Russia Intentionally Starving Ukrainians as Method of Warfare—War Crimes Expert

Russia is intentionally starving Ukrainians as a method of warfare, an expert on war crimes told Newsweek.

Reported uses of cluster bombs and artillery strikes on civilian targets last week prompted the International Criminal Court's (ICC) chief prosecutor Karim Khan to launch an investigation into possible war crimes and crimes against humanity in Ukraine.

Russia is "absolutely clearly" intentionally directing attacks against civilians, Michael Newton, a professor of the practice of law at Vanderbilt University, who previously served as the senior adviser to the Ambassador-at-Large for War Crimes Issues, told Newsweek.

"They're doing it, in my view, to try to intimidate the population, to try to terrorize people. That's a war crime," he said. "The morale of the civilian population is never a legitimate military target."

Russia, like other U.N. nations, is subject to the 1949 Geneva Conventions, which outlaw deliberate attacks on civilians.

Newton also pointed to the humanitarian crisis unfolding in the the besieged port city of Mariupol, where attempts to evacuate civilians and deliver desperately-needed food, water and medicine through a safe corridor have failed. Ukrainian officials said Russian forces fired on a humanitarian convoy before it reached the city.

"The Russians bombed humanitarian convoys and humanitarian relief operations in Syria on a fairly regular basis," Newton said. "And they're doing the same thing now in Ukraine.

"On the one hand, it is intentionally directing attacks against civilians, but it's also getting very close to this notion in the Rome Statute and in customary law, intentionally using starvation as a method of warfare… The people of Mariupol are starving and that's a war crime."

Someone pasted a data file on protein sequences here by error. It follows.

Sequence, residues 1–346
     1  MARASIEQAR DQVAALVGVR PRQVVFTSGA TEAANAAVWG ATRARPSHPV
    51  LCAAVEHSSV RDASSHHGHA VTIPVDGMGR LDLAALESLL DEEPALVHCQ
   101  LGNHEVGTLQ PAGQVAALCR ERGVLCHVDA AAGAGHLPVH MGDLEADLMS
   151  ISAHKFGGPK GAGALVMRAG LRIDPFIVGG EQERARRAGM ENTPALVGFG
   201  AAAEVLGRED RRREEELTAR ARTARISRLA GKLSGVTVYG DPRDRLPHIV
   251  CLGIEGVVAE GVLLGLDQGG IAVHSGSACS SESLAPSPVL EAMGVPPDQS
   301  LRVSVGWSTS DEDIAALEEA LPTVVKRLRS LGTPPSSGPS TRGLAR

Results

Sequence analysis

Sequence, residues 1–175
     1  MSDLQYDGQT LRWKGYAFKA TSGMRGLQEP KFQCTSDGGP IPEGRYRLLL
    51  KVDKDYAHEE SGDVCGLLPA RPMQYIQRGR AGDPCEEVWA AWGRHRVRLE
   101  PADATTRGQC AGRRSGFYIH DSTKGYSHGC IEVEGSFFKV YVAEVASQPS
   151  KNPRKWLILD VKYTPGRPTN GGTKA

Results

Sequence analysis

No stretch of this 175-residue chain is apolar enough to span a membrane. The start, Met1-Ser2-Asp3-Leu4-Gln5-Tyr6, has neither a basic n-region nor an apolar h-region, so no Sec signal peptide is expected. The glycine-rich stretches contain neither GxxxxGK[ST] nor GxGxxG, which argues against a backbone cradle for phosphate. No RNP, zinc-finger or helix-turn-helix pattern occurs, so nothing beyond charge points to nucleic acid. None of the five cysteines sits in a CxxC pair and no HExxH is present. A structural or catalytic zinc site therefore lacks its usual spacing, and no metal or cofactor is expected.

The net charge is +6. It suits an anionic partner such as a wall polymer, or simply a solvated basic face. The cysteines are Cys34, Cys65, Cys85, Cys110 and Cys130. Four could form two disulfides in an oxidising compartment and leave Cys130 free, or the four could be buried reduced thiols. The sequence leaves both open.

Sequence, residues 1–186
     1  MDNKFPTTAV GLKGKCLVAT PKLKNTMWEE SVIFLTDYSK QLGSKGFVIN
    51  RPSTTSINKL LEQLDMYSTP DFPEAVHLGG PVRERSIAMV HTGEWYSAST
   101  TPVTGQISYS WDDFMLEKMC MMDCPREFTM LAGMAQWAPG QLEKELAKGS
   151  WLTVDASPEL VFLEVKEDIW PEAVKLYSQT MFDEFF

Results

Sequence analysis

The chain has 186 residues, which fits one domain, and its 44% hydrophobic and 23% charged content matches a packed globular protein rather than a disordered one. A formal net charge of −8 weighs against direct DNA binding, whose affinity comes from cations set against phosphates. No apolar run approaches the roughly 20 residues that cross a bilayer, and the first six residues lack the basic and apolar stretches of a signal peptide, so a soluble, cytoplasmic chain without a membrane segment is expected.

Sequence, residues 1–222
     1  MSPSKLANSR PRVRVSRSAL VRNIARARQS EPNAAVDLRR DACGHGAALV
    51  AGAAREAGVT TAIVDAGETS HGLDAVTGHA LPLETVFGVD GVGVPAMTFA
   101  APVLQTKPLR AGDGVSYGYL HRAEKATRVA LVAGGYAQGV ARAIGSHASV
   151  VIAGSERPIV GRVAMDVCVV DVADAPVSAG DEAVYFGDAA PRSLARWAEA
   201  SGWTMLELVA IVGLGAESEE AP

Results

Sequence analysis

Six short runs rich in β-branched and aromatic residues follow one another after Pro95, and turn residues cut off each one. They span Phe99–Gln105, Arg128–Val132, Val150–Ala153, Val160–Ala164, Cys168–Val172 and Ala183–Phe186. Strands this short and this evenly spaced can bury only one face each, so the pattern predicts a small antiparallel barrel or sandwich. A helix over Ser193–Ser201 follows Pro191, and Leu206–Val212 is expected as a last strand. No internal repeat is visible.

He said: "It is absolutely unacceptable that the world sits back and allows humanitarian supplies and humanitarian convoys to be targeted with impunity. We cannot allow that to become the norm."

Secretary of State Antony Blinken said at the weekend that the U.S. has seen "very credible" reports of attacks in Ukraine that "would constitute a war crime."

"What we're doing right now is documenting all of this, putting it all together, looking at it and making sure that as people and the appropriate organizations and institutions investigate whether war crimes happened or are being committed, that we can support whatever they are doing," he said on CNN's State of the Union.

But Newton said the U.S. should act as the "world leader" in collecting evidence of war crimes committed in Ukraine.

He said the U.S. Senate should move to swiftly confirm President Joe Biden's nomination of Beth Van Schaack as the U.S. Ambassador-at-Large for Global Criminal Justice to help lead that effort.

"This is a no-brainer," he said. "If I were the president, I would make a speech and I would say this is not a time for normal politics and the United States must lead the world in the documentation and prosecution of war criminals."

Biden should also issue an executive order to coordinate efforts with the ICC to document war crimes, Newton said.

"The commander-in-chief has authority to use the clear provisions of U.S. law to assist the ICC," he said.

"I think we should be just upfront and honest and say we want to lead the world in documenting war crimes, and we will help any country that wants to prosecute because other countries do have jurisdiction."

The White House has been contacted for comment.

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A Ukrainian serviceman looks on
A Ukrainian serviceman looks on as evacuees cross a destroyed bridge as they flee the city of Irpin, northwest of Kyiv, on March 7, 2022. Dimitar Dilkoff/AFP via Getty Images